Originally posted by Christine Tham Agree.

The eyes are typically low contrast with no well defined sharp edges, so the AF sensor will probably focus on something else - I only mentioned the spoon because in the photo that object is brighter than the face and has sharp edges so would register very strongly on the phase detect.

I don't know if anybody is interested in this.

Normally, what a phase AF does, is this:

it takes the two 1-D images from the two sides (left/right or top/down) of an AF sensor's line sensor. It ends up with two curves ci(x) from each sensor. The curves would have large values for bright regions and low values for dark regions (normally, ci is defined such that Integral_x ci(x) dx = 0 but it doesn't matter here).

Now, it computes the so-called cross correlation function between both curves, where one curve is shifted against the other curve by a so-called phase p: Integral_x c1(x)*c2(x-p) dx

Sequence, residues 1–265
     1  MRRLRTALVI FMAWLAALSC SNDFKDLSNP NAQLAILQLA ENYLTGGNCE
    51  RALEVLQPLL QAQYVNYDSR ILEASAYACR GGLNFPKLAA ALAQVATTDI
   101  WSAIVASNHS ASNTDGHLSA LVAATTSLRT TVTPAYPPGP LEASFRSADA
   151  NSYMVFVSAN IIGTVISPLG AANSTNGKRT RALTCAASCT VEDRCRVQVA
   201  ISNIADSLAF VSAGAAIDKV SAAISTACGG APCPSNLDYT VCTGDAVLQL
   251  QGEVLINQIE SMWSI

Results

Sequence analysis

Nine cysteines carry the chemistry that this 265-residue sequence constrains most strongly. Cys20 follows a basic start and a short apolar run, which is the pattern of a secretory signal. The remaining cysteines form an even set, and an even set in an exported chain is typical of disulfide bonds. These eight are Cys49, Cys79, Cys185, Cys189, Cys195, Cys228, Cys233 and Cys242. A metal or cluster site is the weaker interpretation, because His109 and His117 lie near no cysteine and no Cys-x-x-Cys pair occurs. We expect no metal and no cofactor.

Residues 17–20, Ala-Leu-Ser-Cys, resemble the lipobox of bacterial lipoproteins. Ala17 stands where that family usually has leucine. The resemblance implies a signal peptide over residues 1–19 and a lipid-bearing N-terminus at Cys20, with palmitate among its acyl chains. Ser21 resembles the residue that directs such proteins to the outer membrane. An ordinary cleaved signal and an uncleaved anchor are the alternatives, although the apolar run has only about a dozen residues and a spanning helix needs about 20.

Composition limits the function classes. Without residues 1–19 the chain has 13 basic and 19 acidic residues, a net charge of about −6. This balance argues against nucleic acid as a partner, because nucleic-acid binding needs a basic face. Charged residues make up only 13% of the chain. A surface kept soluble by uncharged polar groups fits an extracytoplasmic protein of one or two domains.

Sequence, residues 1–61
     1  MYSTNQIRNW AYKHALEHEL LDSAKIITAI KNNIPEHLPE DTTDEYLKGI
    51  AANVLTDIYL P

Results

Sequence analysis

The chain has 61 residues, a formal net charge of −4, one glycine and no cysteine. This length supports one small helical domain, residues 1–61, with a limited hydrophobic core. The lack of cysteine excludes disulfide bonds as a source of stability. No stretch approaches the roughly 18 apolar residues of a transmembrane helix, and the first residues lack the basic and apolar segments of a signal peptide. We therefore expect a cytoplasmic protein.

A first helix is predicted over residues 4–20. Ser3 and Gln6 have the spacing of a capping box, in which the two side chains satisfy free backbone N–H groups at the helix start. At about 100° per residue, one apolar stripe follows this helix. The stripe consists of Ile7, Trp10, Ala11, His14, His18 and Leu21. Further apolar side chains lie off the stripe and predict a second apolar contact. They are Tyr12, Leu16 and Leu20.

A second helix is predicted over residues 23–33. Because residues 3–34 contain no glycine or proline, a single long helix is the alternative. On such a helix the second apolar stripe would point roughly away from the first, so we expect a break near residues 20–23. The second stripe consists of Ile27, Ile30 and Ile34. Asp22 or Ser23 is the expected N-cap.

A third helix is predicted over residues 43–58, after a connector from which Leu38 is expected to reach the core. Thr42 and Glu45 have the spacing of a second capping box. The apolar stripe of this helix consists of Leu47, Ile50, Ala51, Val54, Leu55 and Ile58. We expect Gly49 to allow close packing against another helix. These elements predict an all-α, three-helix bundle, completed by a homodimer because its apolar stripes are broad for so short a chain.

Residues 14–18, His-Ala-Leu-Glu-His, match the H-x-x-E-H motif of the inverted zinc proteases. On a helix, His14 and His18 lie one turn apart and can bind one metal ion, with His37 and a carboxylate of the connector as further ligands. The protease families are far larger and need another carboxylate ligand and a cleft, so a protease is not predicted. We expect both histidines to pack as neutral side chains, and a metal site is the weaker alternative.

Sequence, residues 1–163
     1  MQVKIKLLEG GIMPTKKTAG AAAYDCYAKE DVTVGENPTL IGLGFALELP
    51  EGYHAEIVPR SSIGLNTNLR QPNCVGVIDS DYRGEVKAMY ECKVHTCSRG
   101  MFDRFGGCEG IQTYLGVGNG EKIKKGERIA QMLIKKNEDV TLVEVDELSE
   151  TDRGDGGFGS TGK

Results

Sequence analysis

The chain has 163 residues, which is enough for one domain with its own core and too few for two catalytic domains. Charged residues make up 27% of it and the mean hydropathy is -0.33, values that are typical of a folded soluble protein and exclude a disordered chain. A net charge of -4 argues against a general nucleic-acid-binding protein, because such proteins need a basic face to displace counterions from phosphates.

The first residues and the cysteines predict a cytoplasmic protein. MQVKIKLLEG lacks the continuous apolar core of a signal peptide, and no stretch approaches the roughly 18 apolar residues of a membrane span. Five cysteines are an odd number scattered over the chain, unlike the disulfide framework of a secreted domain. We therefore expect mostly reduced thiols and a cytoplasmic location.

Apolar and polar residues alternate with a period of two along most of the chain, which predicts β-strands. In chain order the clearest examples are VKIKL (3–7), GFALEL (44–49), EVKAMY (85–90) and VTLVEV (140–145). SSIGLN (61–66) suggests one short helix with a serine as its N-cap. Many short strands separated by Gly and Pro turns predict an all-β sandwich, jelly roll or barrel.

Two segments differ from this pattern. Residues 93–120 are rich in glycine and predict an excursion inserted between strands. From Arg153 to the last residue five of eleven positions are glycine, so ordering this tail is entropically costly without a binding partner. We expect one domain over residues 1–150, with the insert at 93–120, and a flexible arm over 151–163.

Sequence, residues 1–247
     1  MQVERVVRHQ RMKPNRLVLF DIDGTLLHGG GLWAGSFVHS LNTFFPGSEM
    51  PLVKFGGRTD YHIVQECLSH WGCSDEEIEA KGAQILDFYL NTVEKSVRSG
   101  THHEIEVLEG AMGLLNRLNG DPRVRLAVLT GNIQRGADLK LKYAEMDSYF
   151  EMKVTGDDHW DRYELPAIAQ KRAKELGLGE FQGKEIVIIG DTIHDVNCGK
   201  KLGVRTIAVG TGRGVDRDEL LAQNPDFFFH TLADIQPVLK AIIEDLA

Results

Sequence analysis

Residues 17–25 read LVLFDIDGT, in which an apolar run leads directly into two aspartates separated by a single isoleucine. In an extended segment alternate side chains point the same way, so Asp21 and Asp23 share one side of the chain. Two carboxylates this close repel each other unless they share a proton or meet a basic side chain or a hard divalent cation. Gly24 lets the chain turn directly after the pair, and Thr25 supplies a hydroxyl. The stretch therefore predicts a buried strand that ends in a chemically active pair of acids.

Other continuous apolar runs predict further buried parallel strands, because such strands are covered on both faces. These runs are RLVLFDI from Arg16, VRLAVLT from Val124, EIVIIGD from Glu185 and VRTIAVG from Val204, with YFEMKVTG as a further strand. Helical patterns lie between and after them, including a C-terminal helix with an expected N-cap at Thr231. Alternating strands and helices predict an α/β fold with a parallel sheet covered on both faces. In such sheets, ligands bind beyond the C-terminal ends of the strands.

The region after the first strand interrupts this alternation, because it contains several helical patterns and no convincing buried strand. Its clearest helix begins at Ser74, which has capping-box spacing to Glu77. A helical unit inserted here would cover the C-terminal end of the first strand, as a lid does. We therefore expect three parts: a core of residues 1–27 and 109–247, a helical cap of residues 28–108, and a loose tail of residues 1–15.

In a quick optimization, it detemines p such that this is maximized. (Actually, this isn't fundamentally different from what a contrast AF system does. Which is why I sometimes don't differentiate between phase and contrast AF, much to people's surprise normally

)

This value of p is then used to determine the necessary lens shift to aquire focus.

The important point is this:

Whatever p maximizes Integral_x c1(x)*c2(x-p) dx is taken.

So, you cannot say the AF sensor focussed on feature x. It's not as simple as this. To further complicate things, a vendor can experiment with functions, e.g., replace them by ci^2 etc. Unmatched contrast edges make a correlation function small which is why they matter. But all contrast variations within an AF sensor's area contribute to the phase decision to a smaller or larger amount. It's not feature x like pupil or spoon.

Sidenote:

In the presence of noise, the computed value of p starts to be noisy too up to the point where it becomes a random value. An AF module has to decide how much light it receives (in order to take longer captures with its AF sensor) and if it can trust the value of p. Both are sources for mistakes being made by the firmware of the AF module if it is autonomous.